Conflicting Representations of National Identity
Meaning-making through a Nepalese museum
School of International Service, American University, Washington DC
This article utilizes ethnographic methods to study Nepalese national identity as represented by and through official and everyday accounts of a building. The building—the former royal palace—was recently converted to a museum and opened up for public access. Official accounts represent the museum as a site for unity and breaking down of barriers between the public and the state while aspects of the recent monarchy, such as its role in deploying the army against the Maoists during the recent civil war, are silenced and the most recent monarch is invisible. Everyday representations draw upon these meanings but reformulate the museum (and the past) as a site and time where the relationship between the monarch (as representing the state) and the citizens was better off than today. As such, the state’s representations and silences themselves have facilitated space for challenging official meanings about the museum and the monarchy.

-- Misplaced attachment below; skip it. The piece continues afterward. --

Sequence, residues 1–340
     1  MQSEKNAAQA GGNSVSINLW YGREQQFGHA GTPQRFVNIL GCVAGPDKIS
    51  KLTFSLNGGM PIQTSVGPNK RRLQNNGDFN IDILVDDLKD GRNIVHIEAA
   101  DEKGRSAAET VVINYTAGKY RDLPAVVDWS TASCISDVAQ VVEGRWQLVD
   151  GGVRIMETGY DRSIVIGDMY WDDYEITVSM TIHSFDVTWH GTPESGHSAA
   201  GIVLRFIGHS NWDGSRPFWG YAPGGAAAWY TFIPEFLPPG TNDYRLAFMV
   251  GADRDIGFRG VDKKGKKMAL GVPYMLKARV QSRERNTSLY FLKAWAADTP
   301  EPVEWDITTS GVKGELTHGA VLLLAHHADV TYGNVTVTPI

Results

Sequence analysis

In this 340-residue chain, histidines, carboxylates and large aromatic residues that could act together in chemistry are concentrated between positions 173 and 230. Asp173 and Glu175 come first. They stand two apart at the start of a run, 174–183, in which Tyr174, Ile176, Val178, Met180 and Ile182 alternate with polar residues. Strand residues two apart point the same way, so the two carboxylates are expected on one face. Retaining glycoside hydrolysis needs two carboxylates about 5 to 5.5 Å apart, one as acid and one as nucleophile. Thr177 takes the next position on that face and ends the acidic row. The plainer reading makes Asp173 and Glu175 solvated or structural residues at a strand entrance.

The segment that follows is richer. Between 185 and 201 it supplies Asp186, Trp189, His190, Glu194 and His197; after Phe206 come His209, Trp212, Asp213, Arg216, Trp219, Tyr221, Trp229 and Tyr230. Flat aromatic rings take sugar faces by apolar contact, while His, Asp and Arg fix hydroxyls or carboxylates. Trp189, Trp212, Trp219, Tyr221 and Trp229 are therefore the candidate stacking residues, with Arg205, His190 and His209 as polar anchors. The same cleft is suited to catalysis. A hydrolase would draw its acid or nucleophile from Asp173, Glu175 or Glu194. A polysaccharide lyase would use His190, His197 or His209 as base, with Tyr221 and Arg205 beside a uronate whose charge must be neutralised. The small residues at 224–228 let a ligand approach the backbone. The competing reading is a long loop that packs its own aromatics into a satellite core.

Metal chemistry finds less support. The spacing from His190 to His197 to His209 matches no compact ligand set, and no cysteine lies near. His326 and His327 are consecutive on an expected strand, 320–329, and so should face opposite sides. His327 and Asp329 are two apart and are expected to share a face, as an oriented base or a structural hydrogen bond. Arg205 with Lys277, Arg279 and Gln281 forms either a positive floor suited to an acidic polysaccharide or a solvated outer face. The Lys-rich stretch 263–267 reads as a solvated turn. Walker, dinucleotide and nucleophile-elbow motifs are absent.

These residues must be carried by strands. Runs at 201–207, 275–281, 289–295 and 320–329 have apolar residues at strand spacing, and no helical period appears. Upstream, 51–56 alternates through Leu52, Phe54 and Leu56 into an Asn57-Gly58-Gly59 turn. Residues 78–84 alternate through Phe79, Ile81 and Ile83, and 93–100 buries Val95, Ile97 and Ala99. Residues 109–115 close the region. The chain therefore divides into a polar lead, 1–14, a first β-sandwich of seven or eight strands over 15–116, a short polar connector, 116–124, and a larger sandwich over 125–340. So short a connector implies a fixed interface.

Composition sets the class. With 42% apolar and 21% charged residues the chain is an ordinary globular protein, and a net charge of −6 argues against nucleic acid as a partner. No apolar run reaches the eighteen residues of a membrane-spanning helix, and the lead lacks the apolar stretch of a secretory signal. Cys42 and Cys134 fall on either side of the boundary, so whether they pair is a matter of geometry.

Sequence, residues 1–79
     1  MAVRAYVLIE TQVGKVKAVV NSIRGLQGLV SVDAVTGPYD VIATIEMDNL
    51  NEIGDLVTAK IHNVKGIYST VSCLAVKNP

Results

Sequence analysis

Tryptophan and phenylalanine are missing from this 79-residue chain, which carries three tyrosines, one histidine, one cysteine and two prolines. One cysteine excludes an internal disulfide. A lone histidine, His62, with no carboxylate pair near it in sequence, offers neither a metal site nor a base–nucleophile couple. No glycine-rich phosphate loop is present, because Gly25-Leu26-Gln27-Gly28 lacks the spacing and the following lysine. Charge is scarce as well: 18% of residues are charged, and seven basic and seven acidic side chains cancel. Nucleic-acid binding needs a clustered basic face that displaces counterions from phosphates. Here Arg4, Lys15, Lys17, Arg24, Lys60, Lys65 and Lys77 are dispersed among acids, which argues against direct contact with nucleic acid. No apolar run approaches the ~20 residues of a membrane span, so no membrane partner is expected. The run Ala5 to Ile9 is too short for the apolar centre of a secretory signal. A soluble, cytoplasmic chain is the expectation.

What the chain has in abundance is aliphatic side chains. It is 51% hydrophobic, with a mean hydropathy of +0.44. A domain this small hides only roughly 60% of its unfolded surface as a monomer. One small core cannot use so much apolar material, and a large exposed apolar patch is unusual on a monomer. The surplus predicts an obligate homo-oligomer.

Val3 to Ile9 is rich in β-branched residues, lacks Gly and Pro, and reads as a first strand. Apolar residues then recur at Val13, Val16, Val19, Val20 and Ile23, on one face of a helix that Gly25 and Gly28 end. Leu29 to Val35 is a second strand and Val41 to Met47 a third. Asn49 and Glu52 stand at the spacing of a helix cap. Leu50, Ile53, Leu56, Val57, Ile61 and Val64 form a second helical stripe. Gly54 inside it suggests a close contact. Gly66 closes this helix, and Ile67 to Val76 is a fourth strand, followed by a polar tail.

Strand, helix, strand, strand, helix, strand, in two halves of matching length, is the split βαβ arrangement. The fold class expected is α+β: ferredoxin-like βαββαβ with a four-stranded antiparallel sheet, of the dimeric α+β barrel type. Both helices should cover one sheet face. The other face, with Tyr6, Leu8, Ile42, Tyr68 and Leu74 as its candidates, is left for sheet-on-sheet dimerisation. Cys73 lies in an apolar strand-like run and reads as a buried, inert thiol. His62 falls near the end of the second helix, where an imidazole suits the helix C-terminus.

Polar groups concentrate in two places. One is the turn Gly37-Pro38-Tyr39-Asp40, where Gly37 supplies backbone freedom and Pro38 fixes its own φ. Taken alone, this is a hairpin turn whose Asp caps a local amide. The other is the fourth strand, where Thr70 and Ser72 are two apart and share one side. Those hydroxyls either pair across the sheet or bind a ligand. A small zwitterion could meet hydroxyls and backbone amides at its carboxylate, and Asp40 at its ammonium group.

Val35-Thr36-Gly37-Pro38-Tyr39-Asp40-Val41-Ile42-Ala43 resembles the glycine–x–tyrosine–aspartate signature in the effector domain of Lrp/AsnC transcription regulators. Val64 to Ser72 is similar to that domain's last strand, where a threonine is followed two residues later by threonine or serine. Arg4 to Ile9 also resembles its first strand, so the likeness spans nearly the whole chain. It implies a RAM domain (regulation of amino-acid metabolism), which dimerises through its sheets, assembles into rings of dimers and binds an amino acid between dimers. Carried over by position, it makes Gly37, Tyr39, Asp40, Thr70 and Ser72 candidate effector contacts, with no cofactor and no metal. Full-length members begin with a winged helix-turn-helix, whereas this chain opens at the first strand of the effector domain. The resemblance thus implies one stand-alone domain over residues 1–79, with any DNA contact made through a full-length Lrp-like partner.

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© borderlands ejournal 2010